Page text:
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Dr. Jean A. Bernard, 98, Dies; Found Cancer in Shah of Iran
By LAWRENCE K. ALTMAN
Dr. Jean A. Bernard, a pioneering French hematologist who diagnosed the cancer that the shah of Iran kept secret for many years, and that ultimately sent him to an American hospital in a chain of events that led to the Tehran hostage crisis of 1979-81, died at his home in Paris on April 17. He was 98.
Dr. Bernard was a member of the French Academy, which announced his death.
As a prominent doctor whose name is attached to a children's bleeding disorder, Dr. Bernard occasionally consulted on patients who demanded anonymity and secrecy.
He did not know who the patient would be when a trainee of his, practicing in Iran, asked him to come to Tehran urgently in 1974. Dr. Bernard took another trainee, Dr. Georges Flandrin. The patient was Shah Mohammad Reza Pahlavi, who was bothered by an enlarged spleen.
From a bone marrow test, the doctors diagnosed chronic lymphocytic leukemia and Waldenstrom's macroglobulinemia, a blood condition. But the shah refused to have more thorough testing because he did not want others to know of his ailment.
On a follow-up visit in 1974, the French doctors recommended that the shah start taking an anticancer drug, chlormabucil. But when they examined him again in 1975 in Switzerland, they learned that he was not taking the drug as prescribed.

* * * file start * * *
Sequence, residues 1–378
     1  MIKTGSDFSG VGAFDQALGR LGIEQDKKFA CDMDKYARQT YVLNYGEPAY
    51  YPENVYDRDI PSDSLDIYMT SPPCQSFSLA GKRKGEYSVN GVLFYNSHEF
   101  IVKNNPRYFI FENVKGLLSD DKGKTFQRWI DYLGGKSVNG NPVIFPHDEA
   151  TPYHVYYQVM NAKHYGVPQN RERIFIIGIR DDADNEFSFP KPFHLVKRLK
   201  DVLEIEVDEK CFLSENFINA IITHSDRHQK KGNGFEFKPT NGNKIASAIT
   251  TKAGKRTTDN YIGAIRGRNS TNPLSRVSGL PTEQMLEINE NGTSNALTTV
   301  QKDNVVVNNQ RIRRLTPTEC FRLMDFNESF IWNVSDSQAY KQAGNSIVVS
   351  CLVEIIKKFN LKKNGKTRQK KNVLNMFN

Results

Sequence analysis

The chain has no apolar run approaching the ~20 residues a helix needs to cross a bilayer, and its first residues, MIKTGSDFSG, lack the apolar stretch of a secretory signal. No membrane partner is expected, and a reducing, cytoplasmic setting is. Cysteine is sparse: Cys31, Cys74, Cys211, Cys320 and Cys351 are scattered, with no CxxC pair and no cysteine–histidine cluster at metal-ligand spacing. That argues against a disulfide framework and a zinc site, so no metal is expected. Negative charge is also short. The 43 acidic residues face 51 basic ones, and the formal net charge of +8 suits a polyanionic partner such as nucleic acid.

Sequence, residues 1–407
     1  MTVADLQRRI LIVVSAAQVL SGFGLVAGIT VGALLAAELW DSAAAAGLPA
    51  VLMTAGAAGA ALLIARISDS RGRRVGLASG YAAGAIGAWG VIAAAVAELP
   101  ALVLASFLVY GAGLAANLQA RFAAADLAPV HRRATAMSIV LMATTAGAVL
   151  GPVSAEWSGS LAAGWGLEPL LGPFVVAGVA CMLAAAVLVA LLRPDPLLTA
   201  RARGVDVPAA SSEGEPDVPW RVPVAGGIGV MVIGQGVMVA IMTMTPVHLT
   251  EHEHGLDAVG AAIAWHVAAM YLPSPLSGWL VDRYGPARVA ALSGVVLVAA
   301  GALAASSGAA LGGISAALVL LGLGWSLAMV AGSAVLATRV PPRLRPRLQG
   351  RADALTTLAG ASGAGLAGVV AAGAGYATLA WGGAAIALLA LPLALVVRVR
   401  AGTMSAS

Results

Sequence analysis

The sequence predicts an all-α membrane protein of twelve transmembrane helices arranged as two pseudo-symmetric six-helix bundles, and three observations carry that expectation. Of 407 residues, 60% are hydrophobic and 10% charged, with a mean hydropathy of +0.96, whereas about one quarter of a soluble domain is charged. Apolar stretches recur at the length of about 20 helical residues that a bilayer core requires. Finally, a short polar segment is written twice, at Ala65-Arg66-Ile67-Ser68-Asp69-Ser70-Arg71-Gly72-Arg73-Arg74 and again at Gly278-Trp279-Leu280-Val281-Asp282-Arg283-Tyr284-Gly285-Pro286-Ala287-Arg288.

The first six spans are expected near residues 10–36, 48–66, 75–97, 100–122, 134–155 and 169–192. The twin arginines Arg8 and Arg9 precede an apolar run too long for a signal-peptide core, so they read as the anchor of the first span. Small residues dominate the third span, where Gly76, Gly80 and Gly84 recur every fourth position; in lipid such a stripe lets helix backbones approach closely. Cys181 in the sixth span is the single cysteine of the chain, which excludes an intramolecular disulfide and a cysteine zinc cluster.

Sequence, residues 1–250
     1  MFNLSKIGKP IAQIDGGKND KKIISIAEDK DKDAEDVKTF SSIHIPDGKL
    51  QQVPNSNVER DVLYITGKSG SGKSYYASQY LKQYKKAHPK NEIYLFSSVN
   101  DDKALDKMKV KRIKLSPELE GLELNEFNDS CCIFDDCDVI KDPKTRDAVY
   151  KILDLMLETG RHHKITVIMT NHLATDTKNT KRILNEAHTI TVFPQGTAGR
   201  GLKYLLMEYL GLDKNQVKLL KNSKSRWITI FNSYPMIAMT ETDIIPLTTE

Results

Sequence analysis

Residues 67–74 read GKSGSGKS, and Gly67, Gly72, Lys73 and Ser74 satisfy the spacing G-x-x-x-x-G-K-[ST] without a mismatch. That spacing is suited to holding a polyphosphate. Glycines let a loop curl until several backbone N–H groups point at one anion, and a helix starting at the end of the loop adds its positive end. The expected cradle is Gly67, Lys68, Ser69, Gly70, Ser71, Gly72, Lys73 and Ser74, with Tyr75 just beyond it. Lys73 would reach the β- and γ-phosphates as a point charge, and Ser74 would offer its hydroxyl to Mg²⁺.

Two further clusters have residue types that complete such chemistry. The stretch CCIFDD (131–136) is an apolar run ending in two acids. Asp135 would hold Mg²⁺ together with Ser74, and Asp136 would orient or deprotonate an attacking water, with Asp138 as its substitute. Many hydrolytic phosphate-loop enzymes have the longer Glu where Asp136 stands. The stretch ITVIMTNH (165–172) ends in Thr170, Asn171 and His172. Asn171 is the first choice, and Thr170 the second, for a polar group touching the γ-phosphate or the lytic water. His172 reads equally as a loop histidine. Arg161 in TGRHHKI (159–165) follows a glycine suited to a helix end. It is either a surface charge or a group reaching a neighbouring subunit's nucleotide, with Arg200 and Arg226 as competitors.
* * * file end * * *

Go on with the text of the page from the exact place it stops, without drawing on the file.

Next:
The shah was deposed in the Iranian revolution of 1978 and fled to Mexico. When his cancer worsened in 1979, President Jimmy Carter allowed him to enter the United States for treatment at New York Hospital in Manhattan. A few days later, a group of Iranians seized the American Embassy in Tehran, holding 52 staff members hostage for more than 14 months, until January 1981.
The shah died in 1980 after being treated by medical teams as he wandered the world for treatment of his cancer and its complications.
Jean Alfred Bernard was born in Paris on May 26, 1907. In 1940, he joined the French Resistance. He was caught and imprisoned until the end of World War II.
In 1947, he and Dr. Marcel Bessis developed exchange blood transfusion as a therapy for childhood leukemia. The transfusions induced what is believed to have been the first temporary remission of acute lymphoblastic leukemia in children, Prof. Jacques-Louis Binet, a hematologist and secretary of the French Academy of Medicine, said last week. In 1948, Dr. Bernard and Dr. Jean-Pierre Soulier described a hereditary syndrome that does not allow platelets to stick to blood vessels and form clots. It leads to bleeding in children and is now known as the Bernard-Soulier syndrome.
"Our country has lost a great doctor and a pioneering spirit," President Jacques Chirac of France wrote to Dr. Bernard's family.
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Some of the information/pictures have been taken from Hello Magazine